With the recent debate around Cisco’s proprietary FabricPath version of TRILL in the twit-o-verse and Kurt Bales recent post Proprietary Cometh Before the Standard I want to make the opposing case. Because he isn’t looking deep enough, or encompassing enough history to see the damage that proprietary technology causes.
To try and summarise Kurt’s perspective:
- vendors develop proprietary features
- then those features get standardised
- what’s the problem ?
Kurt’s view is not a bad assessment but it’s overly simple. The real world is much more complex. It involves real money, and loads of corporate stupidity ( Hanlons Razor )
Lets look back at the some ethernet versions of proprietary and standards where it isn’t so clear.
HSRP / VRRP
- While it’s true that HSRP eventually evolved into VRRP, you should note that they are not compatible.
- Thus, anyone who adopted the proprietary version got ‘stuck’ with HSRP.
- in fact, VRRP was a poor standard, and no one used it much.
- until much later when it finally got features.
- why did it take so long to get worthy features ?
- because Cisco didn’t participate because it didn’t need to.
- until customers starting forcing VRRP support.
- It became a tick box on tenders and RFP’s
LACP / PaGP
- PaGP wasn’t a bad protocol, although not well documented, and poorly comprehended by most engineers.
- LACP is a far superior protocol.
- because Cisco got involved in the standards to help interoperability.
- because customers demanded it
- absolutely insisted on it as a prerequisite for purchase in fact.
- VTP is Cisco proprietary
- Cisco owns patents on VTP
- there are no standards for VTP ((that I know of))
- great feature
- but not the best solution
- MSTP still not well implemented by Cisco products
- because most customers don’t need it
- because Cisco has market dominance and quasi-monopoly
- standards not developing because there is no need
- because Cisco has no interest in it.
- Cisco has 80% or more of the some market categories
- Cisco can choose to create proprietary features even when not needed.
- Because it locks customers into their technology and products in the early adoption phase
- they can claim “increased” sales and “successful” adoption
- They can claim “market leadership” and “technical developments” and “R&D benefits”
- and Cisco management can then stop funding the standards projects.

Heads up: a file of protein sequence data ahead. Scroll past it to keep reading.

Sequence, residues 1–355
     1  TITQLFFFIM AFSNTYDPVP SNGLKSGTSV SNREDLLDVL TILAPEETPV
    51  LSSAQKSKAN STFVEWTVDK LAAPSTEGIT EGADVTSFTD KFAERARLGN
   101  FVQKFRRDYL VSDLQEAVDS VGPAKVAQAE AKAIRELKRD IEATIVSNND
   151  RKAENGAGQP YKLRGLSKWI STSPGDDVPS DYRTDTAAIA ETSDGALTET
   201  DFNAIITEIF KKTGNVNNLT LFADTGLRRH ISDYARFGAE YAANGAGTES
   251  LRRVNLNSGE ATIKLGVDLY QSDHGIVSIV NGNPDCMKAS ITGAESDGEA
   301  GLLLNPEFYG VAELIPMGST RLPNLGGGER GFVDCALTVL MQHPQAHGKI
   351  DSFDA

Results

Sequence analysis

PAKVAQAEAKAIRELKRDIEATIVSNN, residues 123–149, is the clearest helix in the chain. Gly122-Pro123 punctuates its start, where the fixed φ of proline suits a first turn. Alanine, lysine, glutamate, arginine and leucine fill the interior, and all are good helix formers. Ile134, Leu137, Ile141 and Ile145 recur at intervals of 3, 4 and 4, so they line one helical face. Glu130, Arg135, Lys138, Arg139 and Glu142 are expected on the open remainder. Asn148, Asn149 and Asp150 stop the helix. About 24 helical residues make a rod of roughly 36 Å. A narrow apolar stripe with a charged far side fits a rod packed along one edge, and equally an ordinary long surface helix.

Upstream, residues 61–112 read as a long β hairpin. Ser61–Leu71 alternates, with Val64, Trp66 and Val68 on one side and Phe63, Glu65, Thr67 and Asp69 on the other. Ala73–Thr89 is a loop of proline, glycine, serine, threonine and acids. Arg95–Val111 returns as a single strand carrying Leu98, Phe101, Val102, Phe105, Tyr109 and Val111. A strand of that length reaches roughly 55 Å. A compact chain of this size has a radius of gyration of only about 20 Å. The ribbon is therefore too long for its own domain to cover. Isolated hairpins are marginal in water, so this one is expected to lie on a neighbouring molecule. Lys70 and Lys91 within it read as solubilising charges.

- and tell customers that this is a “better solution”
- This forces the standards body to accept technology that aligns with Cisco’s choices
- because people want interoperability
- that we would have had, if only standards had been created anyway.
- but why are Cisco’s choices better than anyone else’s ?
- standards allow for competing visions & solutions to be resolved.
- standards are created by flawed processes
- individuals who create the standards are mainly drawn from the vendors
- thus Cisco actually helps to create most standards.
- And Brocade/Foundry, Avaya/Nortel, Huawei, 3Com and many more
- there are a few unaligned people involved, but not many
- vendors sometimes choose to play politics with standards to suit their commercial needs.
- e.g. It might suit Cisco just fine to delay TRILL and create their own proprietary standard and they can delay the ratification process.
- e.g. It might suit Brocade just fine to slow down the DCB standards because their feature development isn’t hitting the deadlines and they can delay the ratification process.
Too Many Standards Bodies
- It’s also true that there are too many standards bodies, with different processes, methods, politics and history.
- IEEE for Ethernet
- ANSI for FibreChannel
- IETF for IP
- And now these technologies are “melding” there are competitive aspects for each organisation.
VEPA vs VNTag
- VNtag modifies the Ethernet frame.
- it is Cisco proprietary
- requires new silicon to support the modified frame
- VEPA achieves similar capabilities using out of band signalling
- AFAICT, VNtag features could be replaced with out of band techniques
- Therefore VNtag is a deliberate lock in strategy.
- VEPA needs no change to existing switch silicon, no change to ethernet frame
- VEPA work was progressing until Cisco released ‘FabricPath’
- now there is little progress
- AFAICT, Cisco isn’t blocking the progress, but they aren’t helping to progress it either.
- Cisco’s dominant market position means that they must be a part of the process
- They are potentially abusing their market dominance.
- But the IEEE process is closed and we cannot see what’s happening.
- further proving that proprietary and closed is bad.
Proprietary Always Loses
- in twenty five years of IT that I have seen, proprietary networking always loses.
- There will always be a few exceptions to this but don’t think that “winning the lottery is an employment strategy”.
- and it stops industry growth
- it retards product sales
- Remember the early versions of proprietary IPsec ? You should. It’s educational.
- The Internet is the greatest success of standards based networking.
The EtherealMind View
- no vendor lasts for ever
- no product strategy lasts for more than a couple of years.
- new technologies are only new for a couple of years.
- never accept that proprietary is acceptable.
- proprietary will always waste your time and money.
- your networks will last longer than this years fashion for technology.
- you want to go home on time, after an organised and planned day.
- that’s what standards are for.